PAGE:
Audi has scored an emotional 1-2 in its final race in prototype competition, as Porsche’s Neel Jani, Romain Dumas and Marc Lieb won the 2016 FIA World Endurance Championship with a sixth place finish in Saturday’s season-ending Six Hours of Bahrain.
The German manufacturer bowed out in style, in its strongest race of the year, with Lucas Di Grassi taking the No. 8 Audi R18 to a 19.282-second win over the sister No. 7 car of Marcel Fassler.
Both Audis exchanged the lead early on, until a well-timed pit stop during the race’s only Full Course Yellow period at the halfway mark put the No. 8 car of Di Grassi, Loic Duval and Oliver Jarvis out front.
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With Toyota unable to challenge and the championship-winning No. 2 Porsche 919 Hybrid hitting trouble in the opening hour, Audi paved the way for a fitting sendoff after a remarkable 18-year run in top-level sports car racing.
It marked Di Grassi, Duval and Jarvis’ second win of the season, and the first Audi 1-2 sweep since Circuit of The Americas in 2014.
Fassler and longtime co-drivers Andre Lotterer and Benoit Treluyer were second, ahead of the No. 1 Porsche, taken to the flag by Mark Webber, who ended his illustrious driving career with a podium finish.
The sister Porsche lost a lap early when contact was made between Jani and the No. 78 KCMG Porsche 911 RSR of Christian Ried, resulting in a left-rear puncture for the No. 2 car.
Jani, Dumas and Lieb’s sixth place finish, however, was more than enough to take home the Drivers’ World Championship, as the title-contending No. 6 Toyota TS050 Hybrid could only salvage fifth in the end.
Ironically, the Porsche trio were unable to score a podium finish since their victory in the double points-paying round at the 24 Hours of Le Mans, only one of two wins for the No. 2 car this season.
G-Drive Racing scored its third LMP2 class victory of the year, thanks Rene Rast’s late-race pass on the No. 43 RGR Sport Ligier JS P2 Nissan of Filipe Albuquerque with less than 20 minutes to go.
The No. 31 Tequila Patron ESM Ligier Nissan of Chris Cumming held the class lead until the final stop, after opting to keep the Silver-rated Canadian in for the final stretch to the line.
Cumming, however, faded to fourth at the checkered flag, behind the class championship-winning No. 36 Signatech Alpine A460 of Nico Lapierre, Gustavo Menezes and Stephane Richelmi.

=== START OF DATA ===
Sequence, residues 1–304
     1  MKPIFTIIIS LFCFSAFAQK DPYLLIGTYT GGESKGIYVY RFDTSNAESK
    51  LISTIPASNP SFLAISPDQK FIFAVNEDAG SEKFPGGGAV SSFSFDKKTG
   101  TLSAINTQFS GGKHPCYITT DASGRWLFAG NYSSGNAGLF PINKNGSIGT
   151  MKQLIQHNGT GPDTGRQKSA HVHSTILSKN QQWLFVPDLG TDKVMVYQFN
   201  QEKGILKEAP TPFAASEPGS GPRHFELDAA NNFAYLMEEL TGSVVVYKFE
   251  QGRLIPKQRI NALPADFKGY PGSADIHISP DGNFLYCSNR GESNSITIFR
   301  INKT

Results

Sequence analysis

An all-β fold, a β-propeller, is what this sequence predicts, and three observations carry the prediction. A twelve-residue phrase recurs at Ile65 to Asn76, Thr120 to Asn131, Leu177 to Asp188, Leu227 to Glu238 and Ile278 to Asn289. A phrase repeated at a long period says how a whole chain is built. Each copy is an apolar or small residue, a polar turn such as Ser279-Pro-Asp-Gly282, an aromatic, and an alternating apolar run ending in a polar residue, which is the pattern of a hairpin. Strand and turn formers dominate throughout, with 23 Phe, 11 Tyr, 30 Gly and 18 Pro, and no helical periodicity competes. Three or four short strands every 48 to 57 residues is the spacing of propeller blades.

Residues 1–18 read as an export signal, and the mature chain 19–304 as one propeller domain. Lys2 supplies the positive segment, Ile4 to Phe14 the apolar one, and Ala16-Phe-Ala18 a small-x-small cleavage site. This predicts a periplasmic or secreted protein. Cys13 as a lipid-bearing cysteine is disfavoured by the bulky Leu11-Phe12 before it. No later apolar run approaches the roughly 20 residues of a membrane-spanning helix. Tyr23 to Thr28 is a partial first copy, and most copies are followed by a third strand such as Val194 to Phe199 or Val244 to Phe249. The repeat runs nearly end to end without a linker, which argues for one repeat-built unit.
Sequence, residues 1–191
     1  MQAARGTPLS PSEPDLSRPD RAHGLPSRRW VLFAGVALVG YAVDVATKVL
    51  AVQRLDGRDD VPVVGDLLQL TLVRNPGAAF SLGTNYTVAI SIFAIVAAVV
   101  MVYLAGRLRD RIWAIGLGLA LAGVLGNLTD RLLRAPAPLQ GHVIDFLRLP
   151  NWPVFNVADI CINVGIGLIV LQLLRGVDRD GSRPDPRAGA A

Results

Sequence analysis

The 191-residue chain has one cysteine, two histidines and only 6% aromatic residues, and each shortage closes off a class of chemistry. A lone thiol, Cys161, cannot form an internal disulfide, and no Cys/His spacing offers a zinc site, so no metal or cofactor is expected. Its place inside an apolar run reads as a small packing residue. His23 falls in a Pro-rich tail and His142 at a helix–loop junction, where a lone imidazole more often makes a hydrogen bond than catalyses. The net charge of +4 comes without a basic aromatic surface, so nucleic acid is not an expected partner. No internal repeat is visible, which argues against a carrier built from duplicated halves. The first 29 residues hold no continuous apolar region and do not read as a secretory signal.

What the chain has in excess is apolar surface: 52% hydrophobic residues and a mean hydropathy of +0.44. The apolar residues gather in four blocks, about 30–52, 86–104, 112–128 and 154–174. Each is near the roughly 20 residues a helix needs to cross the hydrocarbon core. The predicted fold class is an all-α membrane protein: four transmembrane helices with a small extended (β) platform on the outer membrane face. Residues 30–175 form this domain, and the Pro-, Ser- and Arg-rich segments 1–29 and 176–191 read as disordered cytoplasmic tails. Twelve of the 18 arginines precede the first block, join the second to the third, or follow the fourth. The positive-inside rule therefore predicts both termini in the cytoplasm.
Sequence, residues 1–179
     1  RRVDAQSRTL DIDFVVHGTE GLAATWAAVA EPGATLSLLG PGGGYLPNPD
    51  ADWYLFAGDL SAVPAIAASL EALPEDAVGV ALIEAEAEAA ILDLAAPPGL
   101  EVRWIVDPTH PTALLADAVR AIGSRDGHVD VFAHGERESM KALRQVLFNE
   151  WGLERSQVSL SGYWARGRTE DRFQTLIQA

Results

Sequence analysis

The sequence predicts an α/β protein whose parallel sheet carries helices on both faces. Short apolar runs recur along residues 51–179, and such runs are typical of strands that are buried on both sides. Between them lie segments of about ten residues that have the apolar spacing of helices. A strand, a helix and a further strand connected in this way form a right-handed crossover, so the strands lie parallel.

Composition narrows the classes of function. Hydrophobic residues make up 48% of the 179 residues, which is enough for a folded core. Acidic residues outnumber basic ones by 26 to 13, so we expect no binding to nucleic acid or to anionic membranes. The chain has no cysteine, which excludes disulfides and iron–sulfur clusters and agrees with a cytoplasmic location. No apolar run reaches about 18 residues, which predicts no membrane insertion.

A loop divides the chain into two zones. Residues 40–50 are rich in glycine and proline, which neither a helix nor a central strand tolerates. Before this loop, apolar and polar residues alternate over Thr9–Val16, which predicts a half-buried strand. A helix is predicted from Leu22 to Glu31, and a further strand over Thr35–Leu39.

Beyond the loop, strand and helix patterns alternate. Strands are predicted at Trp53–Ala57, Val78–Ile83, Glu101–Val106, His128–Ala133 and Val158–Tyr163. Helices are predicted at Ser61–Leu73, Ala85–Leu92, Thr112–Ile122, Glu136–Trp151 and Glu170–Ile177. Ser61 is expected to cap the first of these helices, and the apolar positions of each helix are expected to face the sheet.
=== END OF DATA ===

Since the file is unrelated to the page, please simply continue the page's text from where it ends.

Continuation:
Rast, in his return to the Jota Sport-run squad, shared top class honors with Alex Brundle and Roman Rusinov, in a last-to-first run after starting from the rear of the field due to a post-qualifying homologation infringement.
The No. 13 Rebellion R-One AER of Alexandre Imperatori, Dominik Kraihamer and Matheo Tuscher claimed top class honors in LMP1 Privateer, in the team’s final race in the top prototype class.
Nicki Thiim and Marco Sorensen sealed the World Endurance Cup for GT Drivers in fine style with victory in GTE-Pro.
However, Aston Martin lost a certain 1-2 finish and its first GT Manufacturers title when Darren Turner lost a wheel at the half-distance point.
Although Gianmaria Bruni led in the opening stint in the No. 51 AF Corse Ferrari 488 GTE, the race always looked destined to head the way of Aston Martin.
Class polesitters Turner and Jonny Adam in the No. 97 Vantage GTE were able to stretch out a comfortable margin over Bruni after the first stops, before Thiim and Sorensen moved into second with a late-braking move into turn one.
This would have been enough to overturn AMR’s 10-point deficit to Ferrari in the GT Manufacturers championship, but everything changed when Turner’s front-right wheel detached at turn four.
Although he was able to bring the car back to the pits and only lost one lap under Full Course Yellow, the No. 97 car could not recover the lost ground and finished fifth, handing Ferrari the Manufacturers prize.
Thiim and Sorensen inherited the lead and took their second victory of the season, 17.3 seconds clear of Bruni and James Calado at the finish.
Davide Rigon and Sam Bird completed the podium in third, ahead of the No. 67 Ford of Andy Priaulx and Harry Tincknell in fourth.
In GTE-Am, Abu Dhabi-Proton Racing led home a Porsche 1-2 in their second class victory of the season.
Patrick Long, David Heinemeier Hansson and Khaled Al Qubaisi assumed the lead when the No. 98 Aston Martin of Mathias Lauda spun at Turn 7 and controlled the remainder of the race.
A late charge from Wolf Henzler’s KCMG Porsche reduced their margin to 13 seconds in the closing stages, but Long always had the gap under control.
The No. 83 AF Corse Ferrari of Emmanuel Collard, Rui Aguas and Francois Perrodo locked up the title when Paul Dalla Lana retired with engine problems shortly after half-distance, but capped the season with third place on the podium.